Wednesday, February 17, 2010

Italian Chicken with Polenta

Let's talk about polenta, shall we? How do I always make a truckload? For this recipe I was determined to make just enough, so I used 1/4 cup polenta and 1.5 cups water. It worked! I like polenta very much ... I like it when it's called "grits" too. Although I would classify polenta/grits as an easy and accessible dish, I would also say that it's difficult to make delicious. I mean, sure, throw in enough cheese if it's polenta, or cheese and hot sauce if it's grits, and yeah, it's delicious to a certain extent. Sort of. But making it a stand-alone, excellent dish is tough. First there is the liquid - broth? milk? water? You need a good balance of a couple liquids, and I don't know what that is yet. Another issue with the liquid is the amount. I like my polenta to be like lava, so you need 5 or 6 parts liquid to polenta. But regardless of how lava-like I get it, it is gloppy once cool. That means seconds are gloppy and leftovers are definitely gloppy. The additions are also an issue: butter? cream? what kind of cheese? I have tried quite a few polenta recipes and I do have a couple that I make - they use milk and Parmesan and butter - but I'm not in love. I have yet to encounter a polenta recipe that gives me butterflies.

The green addition in this polenta is arugula. We were leaving and I needed to use it. I can't wait until I have my own arugula in my garden. The stuff you buy at Trader Joe's already has bad leaves in it, so you have pick through the bag and that's tedious.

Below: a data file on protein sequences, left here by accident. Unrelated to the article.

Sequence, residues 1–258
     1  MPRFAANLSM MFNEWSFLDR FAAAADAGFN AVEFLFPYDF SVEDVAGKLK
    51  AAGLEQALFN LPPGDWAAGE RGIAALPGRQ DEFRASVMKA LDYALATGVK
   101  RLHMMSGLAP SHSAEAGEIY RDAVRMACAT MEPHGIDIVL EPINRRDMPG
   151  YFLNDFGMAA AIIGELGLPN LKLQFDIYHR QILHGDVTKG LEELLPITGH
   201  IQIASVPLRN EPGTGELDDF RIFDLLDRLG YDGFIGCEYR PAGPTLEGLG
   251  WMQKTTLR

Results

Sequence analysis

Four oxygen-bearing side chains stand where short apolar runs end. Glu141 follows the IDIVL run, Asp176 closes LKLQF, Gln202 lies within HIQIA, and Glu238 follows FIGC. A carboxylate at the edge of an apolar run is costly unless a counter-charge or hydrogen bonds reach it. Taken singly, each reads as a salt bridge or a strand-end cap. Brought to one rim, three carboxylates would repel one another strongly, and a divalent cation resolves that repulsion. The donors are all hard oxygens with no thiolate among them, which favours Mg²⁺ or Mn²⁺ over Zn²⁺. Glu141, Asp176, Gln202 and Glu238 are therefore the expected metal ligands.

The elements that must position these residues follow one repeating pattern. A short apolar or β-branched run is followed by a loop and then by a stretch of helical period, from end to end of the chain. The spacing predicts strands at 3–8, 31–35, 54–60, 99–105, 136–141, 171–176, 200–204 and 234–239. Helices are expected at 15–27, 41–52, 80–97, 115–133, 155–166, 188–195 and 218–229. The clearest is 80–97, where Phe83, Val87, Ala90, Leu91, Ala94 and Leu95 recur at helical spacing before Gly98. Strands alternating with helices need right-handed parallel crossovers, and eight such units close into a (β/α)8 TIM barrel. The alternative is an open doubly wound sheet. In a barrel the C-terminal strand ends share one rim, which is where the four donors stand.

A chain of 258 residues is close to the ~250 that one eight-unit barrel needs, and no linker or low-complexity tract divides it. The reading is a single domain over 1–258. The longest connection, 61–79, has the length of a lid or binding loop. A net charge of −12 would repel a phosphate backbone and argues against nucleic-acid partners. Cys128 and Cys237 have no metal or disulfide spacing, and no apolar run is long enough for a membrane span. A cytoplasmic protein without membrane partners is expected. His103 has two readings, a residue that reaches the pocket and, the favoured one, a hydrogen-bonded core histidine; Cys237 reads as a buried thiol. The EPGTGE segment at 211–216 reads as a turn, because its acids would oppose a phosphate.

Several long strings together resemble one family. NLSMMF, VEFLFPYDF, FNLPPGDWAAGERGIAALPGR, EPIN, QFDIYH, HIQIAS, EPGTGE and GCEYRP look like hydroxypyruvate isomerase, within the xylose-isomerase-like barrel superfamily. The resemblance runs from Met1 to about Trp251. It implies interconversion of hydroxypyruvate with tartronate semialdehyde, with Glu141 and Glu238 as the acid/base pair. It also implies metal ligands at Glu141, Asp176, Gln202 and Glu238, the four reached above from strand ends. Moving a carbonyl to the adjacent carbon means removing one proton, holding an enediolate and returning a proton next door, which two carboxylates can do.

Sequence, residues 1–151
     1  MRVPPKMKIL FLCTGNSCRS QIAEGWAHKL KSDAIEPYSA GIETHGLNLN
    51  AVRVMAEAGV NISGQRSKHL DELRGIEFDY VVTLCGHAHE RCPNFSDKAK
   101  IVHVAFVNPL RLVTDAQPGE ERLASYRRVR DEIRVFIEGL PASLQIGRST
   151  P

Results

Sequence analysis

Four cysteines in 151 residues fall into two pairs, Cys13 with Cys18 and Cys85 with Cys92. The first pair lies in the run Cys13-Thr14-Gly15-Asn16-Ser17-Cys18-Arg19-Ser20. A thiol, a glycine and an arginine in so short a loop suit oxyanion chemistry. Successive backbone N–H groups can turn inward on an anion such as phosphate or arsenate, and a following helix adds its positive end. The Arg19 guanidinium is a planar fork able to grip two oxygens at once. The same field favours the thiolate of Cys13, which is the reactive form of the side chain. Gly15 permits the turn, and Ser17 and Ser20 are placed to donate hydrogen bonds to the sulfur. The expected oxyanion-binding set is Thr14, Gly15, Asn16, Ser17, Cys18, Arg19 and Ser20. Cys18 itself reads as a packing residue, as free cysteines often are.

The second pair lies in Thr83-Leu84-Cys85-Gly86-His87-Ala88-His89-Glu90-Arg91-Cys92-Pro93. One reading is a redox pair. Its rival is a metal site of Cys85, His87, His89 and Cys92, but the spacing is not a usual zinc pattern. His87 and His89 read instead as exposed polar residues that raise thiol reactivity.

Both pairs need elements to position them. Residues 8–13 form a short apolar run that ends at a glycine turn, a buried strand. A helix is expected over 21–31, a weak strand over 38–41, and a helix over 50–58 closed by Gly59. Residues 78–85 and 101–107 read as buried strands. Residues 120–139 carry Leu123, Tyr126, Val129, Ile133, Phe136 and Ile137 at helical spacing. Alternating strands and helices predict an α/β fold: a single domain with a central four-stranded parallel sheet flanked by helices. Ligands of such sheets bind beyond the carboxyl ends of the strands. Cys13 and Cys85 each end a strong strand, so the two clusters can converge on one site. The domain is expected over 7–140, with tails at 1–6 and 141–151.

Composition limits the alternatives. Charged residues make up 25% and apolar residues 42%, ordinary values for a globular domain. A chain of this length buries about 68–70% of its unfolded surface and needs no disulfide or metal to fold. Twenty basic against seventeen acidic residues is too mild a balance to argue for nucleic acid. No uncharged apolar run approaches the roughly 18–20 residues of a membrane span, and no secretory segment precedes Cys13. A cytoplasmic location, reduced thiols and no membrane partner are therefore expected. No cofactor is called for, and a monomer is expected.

In between arugula dishes, like when I have gone without arugula for a month, I forget how bitter it is. Cooking brings out the bitter and downplays the pepper, I have found. I'll take peppery over bitter, therefore, raw over cooked. I love that the Brits call it "rocket." Yes, it is rockety.

This is the last set of photos I saved before I left Seattle. I am in my final week in SF, and have been taking photos of meals here so I will have updates since I will be no doubt eating out of the freezer once we get back home. I can't wait to see what is in the bachelor fridge upon our return! I was thinking that I might just find the milk that I meant to throw out before we left - the 3 drops of 1%. Yum. Will the beef broth still be hiding at the bottom of the door? What about the soy milk?

Josh will no doubt bristle at the implication that he is some sort of slouch in the kitchen, or even the rest of the house. He is not. He merely has not the time to cook or clean and those things are part of my job description right now, so we pretend that I am not only in a position to do these household chores, but also gifted at both, while he falters. It's part of our domestic charade.

These were the chicken breasts I got at Safeway. They look enormous on the bone, but were reasonable once off. I continue to marvel at the well-known culinary fact that if you throw some meat and vegetables into the oven with a little liquid and seasoning, you might just get greatness out of it. This meal was darn tasty and simple. I don't have the recipe in front of me, but can add it later.

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